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Settled after the Civil War by freed slaves who rebuilt the train tracks at the nearby rail yard (now CSX), Reynoldstown now enjoys a growing diversity, which is what prompted Chris Appleton—executive director of the arts nonprofit WonderRoot—to make his home there nine years ago.
Founded in 1924 and named for the birthplace of William Shakespeare, this quiet neighborhood eight miles east of Atlanta has long been known for its Tudor-style architecture. Its neighbor, Decatur, may be larger, but the city is stepping into its own, with big ambitions for food, entertainment, and public schools.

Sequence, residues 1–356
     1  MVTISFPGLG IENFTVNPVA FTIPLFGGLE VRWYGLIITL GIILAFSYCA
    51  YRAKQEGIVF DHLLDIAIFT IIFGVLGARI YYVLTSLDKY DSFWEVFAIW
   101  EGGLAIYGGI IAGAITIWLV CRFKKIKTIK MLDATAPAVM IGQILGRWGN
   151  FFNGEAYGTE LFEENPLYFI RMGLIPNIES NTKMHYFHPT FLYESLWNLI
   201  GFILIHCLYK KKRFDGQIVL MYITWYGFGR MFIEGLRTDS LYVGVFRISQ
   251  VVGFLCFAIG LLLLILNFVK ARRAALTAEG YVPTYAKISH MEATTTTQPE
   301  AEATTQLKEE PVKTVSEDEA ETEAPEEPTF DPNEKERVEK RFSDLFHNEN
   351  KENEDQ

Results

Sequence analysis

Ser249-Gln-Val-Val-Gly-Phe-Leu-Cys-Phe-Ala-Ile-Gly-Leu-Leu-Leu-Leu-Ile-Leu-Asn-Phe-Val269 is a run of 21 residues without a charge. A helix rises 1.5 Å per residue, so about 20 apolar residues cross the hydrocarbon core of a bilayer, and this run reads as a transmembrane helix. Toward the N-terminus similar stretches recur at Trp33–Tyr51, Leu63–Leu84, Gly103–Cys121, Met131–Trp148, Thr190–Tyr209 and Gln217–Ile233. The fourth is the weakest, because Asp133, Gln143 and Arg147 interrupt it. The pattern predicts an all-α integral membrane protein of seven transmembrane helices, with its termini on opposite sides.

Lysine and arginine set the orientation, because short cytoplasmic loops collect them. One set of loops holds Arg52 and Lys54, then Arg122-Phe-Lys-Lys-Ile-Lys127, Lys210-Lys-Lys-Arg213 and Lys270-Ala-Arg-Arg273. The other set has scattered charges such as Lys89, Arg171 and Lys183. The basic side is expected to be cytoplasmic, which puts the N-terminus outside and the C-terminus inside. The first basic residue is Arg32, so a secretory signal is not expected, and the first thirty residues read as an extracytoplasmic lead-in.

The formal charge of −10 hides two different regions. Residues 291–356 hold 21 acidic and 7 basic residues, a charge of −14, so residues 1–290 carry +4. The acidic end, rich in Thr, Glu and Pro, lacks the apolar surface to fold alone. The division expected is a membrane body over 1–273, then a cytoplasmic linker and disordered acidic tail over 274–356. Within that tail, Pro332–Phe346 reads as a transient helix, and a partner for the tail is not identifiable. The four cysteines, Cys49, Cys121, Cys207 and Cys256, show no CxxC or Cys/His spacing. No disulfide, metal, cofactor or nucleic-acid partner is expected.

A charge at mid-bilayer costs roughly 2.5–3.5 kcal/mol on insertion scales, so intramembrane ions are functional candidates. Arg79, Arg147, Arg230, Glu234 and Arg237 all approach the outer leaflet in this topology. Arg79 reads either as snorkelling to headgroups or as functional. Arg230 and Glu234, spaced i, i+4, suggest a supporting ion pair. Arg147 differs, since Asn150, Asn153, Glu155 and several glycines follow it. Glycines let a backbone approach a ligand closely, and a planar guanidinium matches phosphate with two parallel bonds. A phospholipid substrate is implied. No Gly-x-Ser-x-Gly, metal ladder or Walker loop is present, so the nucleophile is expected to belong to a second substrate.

Tony Cruver knows the importance of good neighborhoods—and good neighbors. Raised in College Park, Cruver, twenty-eight, credits strong role models for keeping him out of trouble. He’s paying it forward with Cruvie Clothing Co., an online shop that aims to spread positivity through simple but statement-making sweatshirts and tees, and collaborations with communities and nonprofits.
Encompassing twenty-seven square miles and three zip codes, in the far reaches of northern Fulton County, Alpharetta is very OTP. Some may think of Alpharetta as a sprawling place full of McMansions and restaurant chains, but city planners are working to create a pedestrian-friendly downtown.
Atlanta might never have become the vaunted “City in a Forest” if not for Druid Hills. In 1890, Joel Hurt, who had already built Inman Park, hired famed landscape designer Frederick Law Olmsted to transform 1,400 acres of farmland into “an ideal residential community.”
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